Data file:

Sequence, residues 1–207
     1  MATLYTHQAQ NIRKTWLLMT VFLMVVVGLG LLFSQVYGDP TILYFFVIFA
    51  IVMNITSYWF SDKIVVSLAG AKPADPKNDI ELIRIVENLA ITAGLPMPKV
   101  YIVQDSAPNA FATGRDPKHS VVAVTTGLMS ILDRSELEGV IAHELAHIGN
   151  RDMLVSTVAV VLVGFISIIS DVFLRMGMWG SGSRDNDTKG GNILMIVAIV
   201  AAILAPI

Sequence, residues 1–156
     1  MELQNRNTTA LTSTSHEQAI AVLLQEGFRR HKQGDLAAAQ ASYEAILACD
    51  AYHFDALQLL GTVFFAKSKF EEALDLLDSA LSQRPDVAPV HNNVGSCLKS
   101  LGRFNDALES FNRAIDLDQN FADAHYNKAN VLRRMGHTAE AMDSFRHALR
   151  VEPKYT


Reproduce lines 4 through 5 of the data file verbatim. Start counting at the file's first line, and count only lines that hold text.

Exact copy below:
   101  YIVQDSAPNA FATGRDPKHS VVAVTTGLMS ILDRSELEGV IAHELAHIGN
   151  RDMLVSTVAV VLVGFISIIS DVFLRMGMWG SGSRDNDTKG GNILMIVAIV